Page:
The Girl in the Clockwork Collar
by Kady Cross
Series: Steampunk Chronicles #2
Published: 22 May 2012
Harlequin Teen, Paperback, 368 pages
WARNING: CONTAINS SPOILERS FOR THE GIRL IN THE STEEL CORSET.
Sixteen-year-old Finley Jayne and her “straynge band of mysfits” have journeyed from London to America to rescue their friend Jasper, hauled off by bounty hunters. But Jasper is in the clutches of a devious former friend demanding a trade–the dangerous device Jasper stole from him…for the life of the girl Jasper loves.One false move from Jasper and the strange clockwork collar around Mei’s neck tightens. And tightens.
From the rough streets of lower Manhattan to elegant Fifth Avenue, the motley crew of teens with supernatural abilities is on Jasper’s elusive trail. And they’re about to discover how far they’ll go for friendship.
More than ever, Finley Jayne will rely on powerful English duke Griffin King to balance her dark magic with her good side. Yet Griffin is at war with himself over his secret attraction to Finley…and will risk his life and reputation to save her. Sam, more machine than man, finds his moody heart tested by Irish lass Emily–whose own special abilities are no match for the darkness she discovers on the streets.
Now, to help those she’s come to care for so deeply, Finley Jayne must infiltrate a criminal gang. Only problem is, she might like the dark side a little too much…
I have such mixed feelings about this book. At some parts, it was pretty good, at others, unsatisfying. One thing for sure is, I was completely blinded by my immediate shipping of Jasper and Mei. I guess I felt bad that while the rest of their little group was nicely paired up (Finley & Griffin, Emily & Sam), Jasper sort of had no one. So imagine my happiness when I found out about Mei! However, like I’ve mentioned, that clouded my critical thinking skills, hence, I was knocked completely off course by a particular incident. And not in a good way either.
Starting with the negative, although this was supposed to be a mystery book, I didn’t feel much suspense or the urge to unravel the truth. Colour me bored. The world building was still lacking, with limited development on the atmosphere of that time period. Furthermore, sometimes the characters’ relationships seem superficial and overly developed. I wonder if that’s possible… but the point is, so much effort was put into the characters’ relationships that they were over-the-top and painfully came off as trying too hard.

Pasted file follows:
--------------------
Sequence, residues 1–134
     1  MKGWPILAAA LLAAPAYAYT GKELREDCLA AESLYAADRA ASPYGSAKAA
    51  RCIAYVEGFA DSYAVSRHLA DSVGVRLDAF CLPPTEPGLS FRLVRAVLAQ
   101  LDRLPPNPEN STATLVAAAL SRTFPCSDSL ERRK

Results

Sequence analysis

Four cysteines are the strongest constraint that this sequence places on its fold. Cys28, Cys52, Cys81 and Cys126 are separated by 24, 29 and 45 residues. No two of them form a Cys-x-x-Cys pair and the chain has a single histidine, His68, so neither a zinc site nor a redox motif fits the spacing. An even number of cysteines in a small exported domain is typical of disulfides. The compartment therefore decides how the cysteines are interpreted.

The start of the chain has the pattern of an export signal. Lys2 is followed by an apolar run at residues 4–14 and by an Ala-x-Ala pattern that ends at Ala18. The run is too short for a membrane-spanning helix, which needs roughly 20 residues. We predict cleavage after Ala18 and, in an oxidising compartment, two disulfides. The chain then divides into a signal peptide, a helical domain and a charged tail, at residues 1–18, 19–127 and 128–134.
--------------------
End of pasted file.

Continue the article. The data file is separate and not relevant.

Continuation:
Now, on to the good. Among the misses concerning the characters’ relationships, there were a handful of hits too. For example, I enjoyed Griffin & Finley’s chemistry very much indeed. They were so different yet so right for each other as they balance one another’s personalities. Thankfully, there was no insta-love. The cause of the problems between them were real and relatable, hence, effectively bringing the both of them to life.
The ending of the book was wholly gruesome and gory. I was totally blown off my feet at the violence of it and had been close to upending whatever substance I had in my stomach. It was not bad, just unexpected. And extremely… bloody. Though it was not explicitly described, simply picturing that scene in your head would be quite unsettling.
Despite not really liking this book, I’ll give the next one a try as I fairly enjoyed the first installment, The Girl in the Steel Corset. Though, in favor of The Girl in the Clockwork Collar, it was considerably faster paced than its predecessor. However, if I were to compare this series to others of the steampunk genre, there would still be many aspects it could improve on – especially its world-building. Maybe my expectations are just a little high after reading The Infernal Devices by Cassandra Clare, but maybe not.
All in all, I would recommend those who are interested in romance to read The Girl in the Clockwork Collar as it does pretty well in the department. However, if you want to read it for the mystery, you might be quite disappointed.